Appended = [[Elem|XS] || {Elem, XS} <- lists:zip(List, Appendable)],
    lists:append(Appended, LeaveAlone).


split_many_test_() ->
     ?_assertEqual([[1,2]], elibs_lists:split_many(1, [1,2])),
     ?_assertEqual([[1], [2]], elibs_lists:split_many(2, [1,2])),
     ?_assertEqual([[1], [3,2]], elibs_lists:split_many(2, [1,2,3])),
     ?_assertEqual([[1], [2], [4,3]], elibs_lists:split_many(3, [1,2,3,4])),
     ?_assertEqual([[1,2], [5,3,4]], elibs_lists:split_many(2, [1,2,3,4,5])),

%% @doc Verify all elements are preserved, number of groups is correct,
%% all groups have same number of elements (+-1)
split_many_proper1() ->
    ?FORALL({List, Groups},
            {list(), pos_integer()},
                Split = elibs_lists:split_many(Groups, List),

                % Lengths of sub-lists
                Lengths = lists:usort(lists:map(fun erlang:length/1, Split)),

                length(Split) =:= Groups andalso
                lists:sort(lists:append(Split)) == lists:sort(List) andalso
                length(Lengths) =< 2 andalso
                case Lengths of
                    [Min, Max] -> Max == Min + 1;
                    [_] -> true

%% @doc If number of groups is divisable by number of elements, ordering must
%% stay the same
split_many_proper2() ->
    ?FORALL({Groups, List},
            ?LET({A, B},
                 {integer(1, 20), integer(1, 10)},
                 {A, vector(A*B, term())}),
            List =:= lists:append(elibs_lists:split_many(Groups, List))
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Here is a more general answer that works with any sublist size.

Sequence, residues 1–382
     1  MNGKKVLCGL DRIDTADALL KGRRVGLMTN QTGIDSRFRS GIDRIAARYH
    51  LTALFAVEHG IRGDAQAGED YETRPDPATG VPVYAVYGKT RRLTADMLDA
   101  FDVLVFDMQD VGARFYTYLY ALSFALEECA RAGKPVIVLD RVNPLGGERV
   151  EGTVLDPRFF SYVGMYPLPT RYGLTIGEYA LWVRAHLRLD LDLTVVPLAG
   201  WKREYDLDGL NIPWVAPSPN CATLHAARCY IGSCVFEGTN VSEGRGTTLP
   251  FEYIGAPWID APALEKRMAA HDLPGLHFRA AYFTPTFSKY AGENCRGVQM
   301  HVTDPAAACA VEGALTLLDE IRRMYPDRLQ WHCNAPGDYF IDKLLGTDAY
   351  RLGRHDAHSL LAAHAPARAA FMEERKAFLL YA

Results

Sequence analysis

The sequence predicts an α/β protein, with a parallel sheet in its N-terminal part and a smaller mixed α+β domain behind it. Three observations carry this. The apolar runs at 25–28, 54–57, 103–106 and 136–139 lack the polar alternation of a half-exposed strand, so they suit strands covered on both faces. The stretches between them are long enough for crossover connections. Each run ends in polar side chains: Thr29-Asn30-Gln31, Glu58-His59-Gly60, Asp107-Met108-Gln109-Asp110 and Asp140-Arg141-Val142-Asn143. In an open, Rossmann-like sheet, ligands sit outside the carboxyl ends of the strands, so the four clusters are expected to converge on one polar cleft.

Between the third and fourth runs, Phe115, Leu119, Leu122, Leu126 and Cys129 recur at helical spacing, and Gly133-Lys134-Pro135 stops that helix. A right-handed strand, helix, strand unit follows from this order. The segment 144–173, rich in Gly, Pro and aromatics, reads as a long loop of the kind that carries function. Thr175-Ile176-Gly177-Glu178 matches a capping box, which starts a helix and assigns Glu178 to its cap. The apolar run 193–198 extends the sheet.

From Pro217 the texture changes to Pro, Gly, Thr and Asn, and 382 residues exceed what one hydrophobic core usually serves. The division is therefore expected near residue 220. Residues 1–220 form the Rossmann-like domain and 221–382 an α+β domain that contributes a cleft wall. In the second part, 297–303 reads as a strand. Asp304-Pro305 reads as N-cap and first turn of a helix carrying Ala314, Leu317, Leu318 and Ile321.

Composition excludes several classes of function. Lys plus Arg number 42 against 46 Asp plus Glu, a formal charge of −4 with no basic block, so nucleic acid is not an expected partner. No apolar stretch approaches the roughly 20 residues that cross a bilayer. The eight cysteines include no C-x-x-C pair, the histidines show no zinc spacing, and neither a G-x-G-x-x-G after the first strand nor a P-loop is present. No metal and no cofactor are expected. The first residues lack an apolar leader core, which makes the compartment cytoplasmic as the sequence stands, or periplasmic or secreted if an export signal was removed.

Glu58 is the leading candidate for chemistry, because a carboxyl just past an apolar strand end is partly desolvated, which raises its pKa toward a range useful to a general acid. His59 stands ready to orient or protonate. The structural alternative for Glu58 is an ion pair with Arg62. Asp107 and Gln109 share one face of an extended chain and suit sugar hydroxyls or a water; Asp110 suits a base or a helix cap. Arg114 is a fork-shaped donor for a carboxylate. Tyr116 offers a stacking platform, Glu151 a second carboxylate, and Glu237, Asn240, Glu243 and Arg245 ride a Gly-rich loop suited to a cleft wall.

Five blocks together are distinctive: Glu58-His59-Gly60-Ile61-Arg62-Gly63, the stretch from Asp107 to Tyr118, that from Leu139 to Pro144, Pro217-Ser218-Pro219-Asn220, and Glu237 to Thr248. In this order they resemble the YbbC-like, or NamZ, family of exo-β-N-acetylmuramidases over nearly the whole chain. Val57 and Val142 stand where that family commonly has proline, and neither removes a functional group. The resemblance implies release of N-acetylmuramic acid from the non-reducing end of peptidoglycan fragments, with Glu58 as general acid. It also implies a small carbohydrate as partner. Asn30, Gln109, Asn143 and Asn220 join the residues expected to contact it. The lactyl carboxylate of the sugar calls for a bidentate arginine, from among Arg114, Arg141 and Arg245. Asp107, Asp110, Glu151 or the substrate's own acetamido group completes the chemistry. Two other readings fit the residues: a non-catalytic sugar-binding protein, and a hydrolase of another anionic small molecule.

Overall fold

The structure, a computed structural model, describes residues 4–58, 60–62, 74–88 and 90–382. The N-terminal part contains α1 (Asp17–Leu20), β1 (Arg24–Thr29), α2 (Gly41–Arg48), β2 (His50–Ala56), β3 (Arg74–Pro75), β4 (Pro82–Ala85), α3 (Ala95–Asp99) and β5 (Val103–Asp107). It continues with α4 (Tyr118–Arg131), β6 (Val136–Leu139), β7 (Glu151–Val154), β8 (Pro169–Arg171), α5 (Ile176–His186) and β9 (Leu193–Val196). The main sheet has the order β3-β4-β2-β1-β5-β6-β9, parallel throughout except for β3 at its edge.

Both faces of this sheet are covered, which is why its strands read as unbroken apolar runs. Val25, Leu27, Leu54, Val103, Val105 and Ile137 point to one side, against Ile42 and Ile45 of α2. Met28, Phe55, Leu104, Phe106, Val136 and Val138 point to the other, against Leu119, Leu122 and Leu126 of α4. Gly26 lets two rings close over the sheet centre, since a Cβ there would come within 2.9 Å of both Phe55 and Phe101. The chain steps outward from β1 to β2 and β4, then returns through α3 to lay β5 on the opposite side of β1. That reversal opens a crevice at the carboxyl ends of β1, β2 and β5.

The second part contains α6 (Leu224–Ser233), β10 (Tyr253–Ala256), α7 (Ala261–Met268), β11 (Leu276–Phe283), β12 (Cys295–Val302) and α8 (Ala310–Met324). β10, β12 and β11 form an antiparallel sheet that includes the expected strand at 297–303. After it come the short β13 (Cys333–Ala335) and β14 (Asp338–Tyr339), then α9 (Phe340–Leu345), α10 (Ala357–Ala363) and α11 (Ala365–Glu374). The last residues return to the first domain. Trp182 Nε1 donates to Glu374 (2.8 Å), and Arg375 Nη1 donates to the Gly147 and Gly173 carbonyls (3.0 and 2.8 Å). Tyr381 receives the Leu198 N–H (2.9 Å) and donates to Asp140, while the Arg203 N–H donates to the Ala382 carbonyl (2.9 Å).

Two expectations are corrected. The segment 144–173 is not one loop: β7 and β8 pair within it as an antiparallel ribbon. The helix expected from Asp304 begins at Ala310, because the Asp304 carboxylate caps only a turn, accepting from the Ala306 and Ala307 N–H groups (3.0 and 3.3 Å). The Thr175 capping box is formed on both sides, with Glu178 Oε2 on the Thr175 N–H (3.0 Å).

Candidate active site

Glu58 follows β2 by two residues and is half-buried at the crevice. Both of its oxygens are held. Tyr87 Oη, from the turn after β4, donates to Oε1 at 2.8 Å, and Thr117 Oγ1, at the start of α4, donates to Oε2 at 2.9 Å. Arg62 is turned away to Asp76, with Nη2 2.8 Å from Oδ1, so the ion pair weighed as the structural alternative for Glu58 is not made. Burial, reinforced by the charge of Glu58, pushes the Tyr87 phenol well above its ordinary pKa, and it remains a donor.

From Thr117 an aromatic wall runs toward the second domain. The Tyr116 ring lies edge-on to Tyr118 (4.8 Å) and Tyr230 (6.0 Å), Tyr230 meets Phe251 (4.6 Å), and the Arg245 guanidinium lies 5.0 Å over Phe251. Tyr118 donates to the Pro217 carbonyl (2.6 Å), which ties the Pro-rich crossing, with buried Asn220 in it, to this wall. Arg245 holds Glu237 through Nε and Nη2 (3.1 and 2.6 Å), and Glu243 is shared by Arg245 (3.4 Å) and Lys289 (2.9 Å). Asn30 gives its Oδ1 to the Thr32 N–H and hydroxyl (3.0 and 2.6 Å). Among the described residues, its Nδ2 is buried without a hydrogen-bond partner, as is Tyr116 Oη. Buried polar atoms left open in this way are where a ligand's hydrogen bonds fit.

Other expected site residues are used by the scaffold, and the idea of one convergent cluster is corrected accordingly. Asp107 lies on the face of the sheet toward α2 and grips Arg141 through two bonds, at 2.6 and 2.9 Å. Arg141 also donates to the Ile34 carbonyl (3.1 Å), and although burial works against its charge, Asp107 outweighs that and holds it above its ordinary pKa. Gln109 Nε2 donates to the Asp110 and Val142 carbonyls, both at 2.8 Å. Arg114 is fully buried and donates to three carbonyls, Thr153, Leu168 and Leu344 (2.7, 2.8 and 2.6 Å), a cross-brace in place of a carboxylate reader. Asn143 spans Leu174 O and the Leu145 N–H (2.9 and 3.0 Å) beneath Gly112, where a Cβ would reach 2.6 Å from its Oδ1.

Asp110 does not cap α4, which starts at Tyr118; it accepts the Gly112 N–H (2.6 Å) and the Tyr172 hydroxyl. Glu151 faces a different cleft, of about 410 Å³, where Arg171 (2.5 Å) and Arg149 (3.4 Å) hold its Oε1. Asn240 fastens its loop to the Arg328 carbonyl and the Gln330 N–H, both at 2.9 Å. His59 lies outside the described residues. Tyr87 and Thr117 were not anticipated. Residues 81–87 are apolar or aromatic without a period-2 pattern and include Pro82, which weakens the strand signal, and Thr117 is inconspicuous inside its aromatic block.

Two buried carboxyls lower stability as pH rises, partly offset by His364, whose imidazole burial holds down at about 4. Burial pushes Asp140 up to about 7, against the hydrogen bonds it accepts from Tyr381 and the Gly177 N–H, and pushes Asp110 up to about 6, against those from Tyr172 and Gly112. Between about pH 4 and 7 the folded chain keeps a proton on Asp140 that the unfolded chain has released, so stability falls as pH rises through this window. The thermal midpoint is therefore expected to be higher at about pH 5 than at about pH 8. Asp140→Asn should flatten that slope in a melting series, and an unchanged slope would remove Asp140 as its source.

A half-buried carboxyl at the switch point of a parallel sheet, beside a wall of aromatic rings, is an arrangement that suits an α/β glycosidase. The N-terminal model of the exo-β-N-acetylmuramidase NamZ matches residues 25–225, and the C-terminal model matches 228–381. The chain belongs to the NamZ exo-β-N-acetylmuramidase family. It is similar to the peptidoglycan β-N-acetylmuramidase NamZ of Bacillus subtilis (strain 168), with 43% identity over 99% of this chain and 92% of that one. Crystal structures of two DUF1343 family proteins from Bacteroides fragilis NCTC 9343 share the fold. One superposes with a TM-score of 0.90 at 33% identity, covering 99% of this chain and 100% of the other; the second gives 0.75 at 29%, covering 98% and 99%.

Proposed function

1> lists:foreach(fun(N) -> io:format("~2.10.0B -> ~w~n",[N, test:partition([1,2,3,4,5,6,7,8,9,10],N)]    ) end, [1,2,3,4,5,6,7,8,9,10]).
01 -> [[1],[2],[3],[4],[5],[6],[7],[8],[9],[10]]
02 -> [[1,2],[3,4],[5,6],[7,8],[9,10]]
03 -> [[1,2,3],[4,5,6],[7,8,9],[10]]
04 -> [[1,2,3,4],[5,6,7,8],[10,9]]
05 -> [[1,2,3,4,5],[6,7,8,9,10]]
06 -> [[1,2,3,4,5,6],[10,9,8,7]]
07 -> [[1,2,3,4,5,6,7],[10,9,8]]
08 -> [[1,2,3,4,5,6,7,8],[10,9]]
09 -> [[1,2,3,4,5,6,7,8,9],[10]]
10 -> [[1,2,3,4,5,6,7,8,9,10]]

And the code to achieve this is stored inside a file called test.erl:


partition(List, N) ->
    partition(List, 1, N, []).

partition([], _C, _N, Acc) ->
    lists:reverse(Acc) ;

partition([H|T], 1, N, Acc) ->
    partition(T, 2, N, [[H]|Acc]) ;

partition([H|T], C, N, [HAcc|TAcc]) when C < N ->
    partition(T, C+1, N, [[H|HAcc]|TAcc]) ;

partition([H|T], C, N, [HAcc|TAcc]) when C == N ->
    partition(T, 1, N, [lists:reverse([H|HAcc])|TAcc]) ;

partition(L, C, N, Acc) when C > N ->
    partition(L, 1, N, Acc).

It could probably be more elegant regarding the special case where C > N. Note that C is the size of the current sublist being constructed. At start, it is 1. And then it increments until it reaches the partition size of N.

We could also use a modified version of @chops code to let the last list contains the remaining items even if its size < N :



n_length_chunks_fast(List,Len) ->
    SkipLength = case length(List) rem Len of
        0 -> 0;
        N -> Len - N

n_length_chunks_fast([],Acc,_Pos,_Max) -> Acc;

n_length_chunks_fast([H|T],Acc,Pos,Max) when Pos==Max ->
    n_length_chunks_fast(T,[[H] | Acc],1,Max);

n_length_chunks_fast([H|T],[HAcc | TAcc],Pos,Max) ->
    n_length_chunks_fast(T,[[H | HAcc] | TAcc],Pos+1,Max);

n_length_chunks_fast([H|T],[],Pos,Max) ->